This month saw the launch of a petition by UK charity Our Time (formerly the KidsTime Foundation) called "Being Seen and Heard" and supported by MPs across parties. Its research shows that parental mental illness as one of the "10 most powerful sources of toxic stress in young people and part of the cause of problems such as substance misuse and behavioural issues". Furthermore, evidence shows that 70 per cent of children whose parents have mental ill health go on to develop symptoms of mental illness themselves.
Our Time is calling for children whose parents are affected by mental health issues to be identified as a vulnerable group and given early help, such as that provided by the charity. This is an excellent idea – young carers are already on the radar of the Department for Education as being particularly at risk, yet it does not seem that children whose parents are living with mental illness have been fully acknowledged within that group.
As well as this, however, something needs to be done to target adults directly, and that’s a much trickier proposition, often involving a generation whose attitudes towards mental health is very different from that which we have worked so hard to foster in schools.
Children 'more open about mental health'
Today’s teenagers have grown up in a culture in which mental health has been discussed far more openly and accurately than in years gone by. The notion that depression and anxiety disorders exist and are just as "real" and impactful as physical illness is, in general, entirely unremarkable to them. They often request lessons on the less discussed aspects of mental illness – OCD, bipolar disorder and personality disorders, for example – and information on the facets of mental health that aren’t categorised as mental illness but impact their everyday lives, such as academic anxiety. This would indicate that, despite scant resources and funding, schools are doing a great job in delivering basic mental health education.
There is, however, a gigantic gap in understanding between the generations: often, when I work with pupils during the day at a school and then speak to their parents in the evening, my task is one of bringing parents up to the level of understanding that their children have already reached. Stigma is still rife – I speak to pupils whose teachers suspect they have an anxiety disorder or are on the autistic spectrum and whose parents refuse to take them to a professional for diagnosis, fearing what it would mean for their future prospects. It’s a strange dichotomy.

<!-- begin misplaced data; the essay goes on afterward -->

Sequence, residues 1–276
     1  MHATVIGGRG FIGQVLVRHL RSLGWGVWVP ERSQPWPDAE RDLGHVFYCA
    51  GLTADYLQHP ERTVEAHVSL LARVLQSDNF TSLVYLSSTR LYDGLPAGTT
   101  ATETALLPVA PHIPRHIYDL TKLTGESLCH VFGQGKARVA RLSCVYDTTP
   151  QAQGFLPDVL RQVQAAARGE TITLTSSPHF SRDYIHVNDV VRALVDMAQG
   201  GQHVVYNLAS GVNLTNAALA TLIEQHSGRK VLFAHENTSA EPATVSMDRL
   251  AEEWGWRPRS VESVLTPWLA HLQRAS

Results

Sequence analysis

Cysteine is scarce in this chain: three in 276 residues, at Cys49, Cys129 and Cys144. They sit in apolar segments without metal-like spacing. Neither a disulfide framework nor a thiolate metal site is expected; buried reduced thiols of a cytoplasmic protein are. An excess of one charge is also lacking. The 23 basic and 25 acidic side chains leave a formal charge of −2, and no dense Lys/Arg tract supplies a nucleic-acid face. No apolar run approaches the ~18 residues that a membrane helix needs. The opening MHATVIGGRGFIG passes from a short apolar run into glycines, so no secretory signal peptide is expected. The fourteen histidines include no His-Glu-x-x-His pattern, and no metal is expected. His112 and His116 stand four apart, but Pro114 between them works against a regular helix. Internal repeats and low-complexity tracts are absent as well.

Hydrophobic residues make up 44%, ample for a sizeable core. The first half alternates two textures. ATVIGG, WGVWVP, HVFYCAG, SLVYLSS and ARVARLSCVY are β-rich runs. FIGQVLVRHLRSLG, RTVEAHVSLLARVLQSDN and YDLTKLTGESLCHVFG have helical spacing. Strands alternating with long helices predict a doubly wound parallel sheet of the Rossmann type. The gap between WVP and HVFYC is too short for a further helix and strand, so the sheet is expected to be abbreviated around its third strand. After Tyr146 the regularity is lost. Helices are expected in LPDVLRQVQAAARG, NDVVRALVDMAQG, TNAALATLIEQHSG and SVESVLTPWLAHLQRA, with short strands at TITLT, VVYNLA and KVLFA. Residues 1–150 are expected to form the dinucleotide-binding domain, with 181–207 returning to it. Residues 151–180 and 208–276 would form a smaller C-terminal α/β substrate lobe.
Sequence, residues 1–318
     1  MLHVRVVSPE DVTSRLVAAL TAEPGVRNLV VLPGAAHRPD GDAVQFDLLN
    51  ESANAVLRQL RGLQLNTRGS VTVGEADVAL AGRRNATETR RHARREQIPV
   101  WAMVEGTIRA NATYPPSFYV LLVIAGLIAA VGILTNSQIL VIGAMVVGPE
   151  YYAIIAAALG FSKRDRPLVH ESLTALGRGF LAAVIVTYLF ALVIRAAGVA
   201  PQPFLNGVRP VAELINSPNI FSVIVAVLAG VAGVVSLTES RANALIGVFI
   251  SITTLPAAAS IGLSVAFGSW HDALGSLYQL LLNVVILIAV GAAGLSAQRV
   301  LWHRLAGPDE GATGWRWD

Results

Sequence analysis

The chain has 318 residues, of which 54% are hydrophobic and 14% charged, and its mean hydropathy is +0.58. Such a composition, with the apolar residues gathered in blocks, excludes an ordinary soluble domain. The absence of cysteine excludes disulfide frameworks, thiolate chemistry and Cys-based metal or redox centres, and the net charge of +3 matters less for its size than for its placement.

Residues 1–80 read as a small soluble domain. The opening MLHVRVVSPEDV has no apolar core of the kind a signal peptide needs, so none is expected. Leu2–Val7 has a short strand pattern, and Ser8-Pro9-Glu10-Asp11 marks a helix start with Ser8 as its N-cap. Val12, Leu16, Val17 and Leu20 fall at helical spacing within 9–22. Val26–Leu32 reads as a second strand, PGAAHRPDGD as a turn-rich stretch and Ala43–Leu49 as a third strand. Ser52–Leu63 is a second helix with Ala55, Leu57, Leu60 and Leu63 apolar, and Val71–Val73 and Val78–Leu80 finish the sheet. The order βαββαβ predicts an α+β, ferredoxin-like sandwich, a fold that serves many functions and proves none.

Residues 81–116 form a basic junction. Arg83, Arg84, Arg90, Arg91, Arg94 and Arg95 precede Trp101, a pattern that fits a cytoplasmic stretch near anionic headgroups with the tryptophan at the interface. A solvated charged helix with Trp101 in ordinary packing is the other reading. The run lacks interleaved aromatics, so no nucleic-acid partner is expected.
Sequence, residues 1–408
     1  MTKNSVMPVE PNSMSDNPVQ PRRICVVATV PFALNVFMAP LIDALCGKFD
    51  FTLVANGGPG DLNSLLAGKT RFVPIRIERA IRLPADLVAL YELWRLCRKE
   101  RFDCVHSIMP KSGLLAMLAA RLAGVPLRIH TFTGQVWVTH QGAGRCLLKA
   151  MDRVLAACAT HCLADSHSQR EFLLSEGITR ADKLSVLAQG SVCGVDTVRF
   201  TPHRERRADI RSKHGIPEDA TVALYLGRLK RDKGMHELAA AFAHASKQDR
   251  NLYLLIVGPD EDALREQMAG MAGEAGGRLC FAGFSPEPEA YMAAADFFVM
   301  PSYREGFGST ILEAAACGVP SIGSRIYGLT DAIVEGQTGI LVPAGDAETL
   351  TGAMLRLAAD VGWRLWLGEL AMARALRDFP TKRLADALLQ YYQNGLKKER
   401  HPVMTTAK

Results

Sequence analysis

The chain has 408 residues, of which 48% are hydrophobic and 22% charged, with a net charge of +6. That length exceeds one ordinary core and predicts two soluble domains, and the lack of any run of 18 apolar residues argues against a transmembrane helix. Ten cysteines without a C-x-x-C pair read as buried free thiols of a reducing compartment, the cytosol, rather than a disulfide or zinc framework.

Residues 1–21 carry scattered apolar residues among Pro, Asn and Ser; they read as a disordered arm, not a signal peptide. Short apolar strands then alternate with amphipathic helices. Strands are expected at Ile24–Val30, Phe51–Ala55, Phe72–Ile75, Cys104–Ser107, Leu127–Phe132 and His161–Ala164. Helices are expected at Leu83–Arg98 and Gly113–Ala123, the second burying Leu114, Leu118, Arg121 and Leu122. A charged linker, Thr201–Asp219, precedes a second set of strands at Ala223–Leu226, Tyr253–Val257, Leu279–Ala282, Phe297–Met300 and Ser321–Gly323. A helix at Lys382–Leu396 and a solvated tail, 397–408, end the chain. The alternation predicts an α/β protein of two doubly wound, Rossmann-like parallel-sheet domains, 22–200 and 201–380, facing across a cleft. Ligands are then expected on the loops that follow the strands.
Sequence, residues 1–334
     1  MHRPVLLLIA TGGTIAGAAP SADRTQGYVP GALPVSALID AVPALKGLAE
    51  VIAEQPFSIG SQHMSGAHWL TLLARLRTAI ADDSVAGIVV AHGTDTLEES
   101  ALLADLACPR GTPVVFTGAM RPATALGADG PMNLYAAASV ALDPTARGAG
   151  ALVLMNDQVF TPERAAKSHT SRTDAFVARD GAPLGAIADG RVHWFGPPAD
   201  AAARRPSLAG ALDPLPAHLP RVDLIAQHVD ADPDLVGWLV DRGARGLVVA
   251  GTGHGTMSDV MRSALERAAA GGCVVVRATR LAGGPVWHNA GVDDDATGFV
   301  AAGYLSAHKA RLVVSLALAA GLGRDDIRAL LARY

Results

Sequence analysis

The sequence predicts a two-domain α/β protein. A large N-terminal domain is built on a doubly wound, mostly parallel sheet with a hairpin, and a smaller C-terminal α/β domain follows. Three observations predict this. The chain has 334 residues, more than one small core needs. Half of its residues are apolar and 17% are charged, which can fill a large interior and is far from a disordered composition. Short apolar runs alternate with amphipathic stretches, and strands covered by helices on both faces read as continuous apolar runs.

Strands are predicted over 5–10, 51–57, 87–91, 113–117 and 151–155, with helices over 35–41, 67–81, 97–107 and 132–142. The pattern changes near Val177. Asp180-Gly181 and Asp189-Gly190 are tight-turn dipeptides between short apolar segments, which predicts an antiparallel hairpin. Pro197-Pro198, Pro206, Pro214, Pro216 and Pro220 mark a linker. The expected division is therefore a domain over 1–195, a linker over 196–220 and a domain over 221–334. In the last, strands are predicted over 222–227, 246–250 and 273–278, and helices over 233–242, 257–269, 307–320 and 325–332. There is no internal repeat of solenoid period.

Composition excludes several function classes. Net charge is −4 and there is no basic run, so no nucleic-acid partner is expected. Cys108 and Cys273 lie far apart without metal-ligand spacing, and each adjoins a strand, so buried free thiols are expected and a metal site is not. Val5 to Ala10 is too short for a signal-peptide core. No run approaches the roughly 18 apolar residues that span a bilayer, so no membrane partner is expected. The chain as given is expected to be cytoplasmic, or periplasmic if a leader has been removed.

As a campaigner, it’s much easier to target children than adults. In schools, one has a captive audience. If I advertised one of my talks at my local town hall, only those with a pre-existing interest would show up. And, of those that did, they would have overcome the fear that to attend a discussion on mental health is a tacit indication that there are "problems at home".
One of the reasons I co-created "Where’s Your Head At", a campaign calling for a change in law so that the mental health of British workers is better looked after, is because so many young people were asking me for advice on how to look after their parents’ psychological wellbeing, or how they could "explain" mental health in the terms they understood. It seemed ludicrous to me that they should think that was their job.
Our 200,000-strong petition was delivered to Downing Street on 8 October and will be debated in Parliament later in the year.
As well as supporting those young people who are caring for parents with mental illnesses, we need to get to the root of the issue: the parents themselves. It seemed to me that workplaces were a good place to start.
Natasha Devon MBE is the former government mental health champion. She is a writer and campaigner and visits an average of three schools per week all over the UK. She tweets @_natashadevon. Find out more about her work here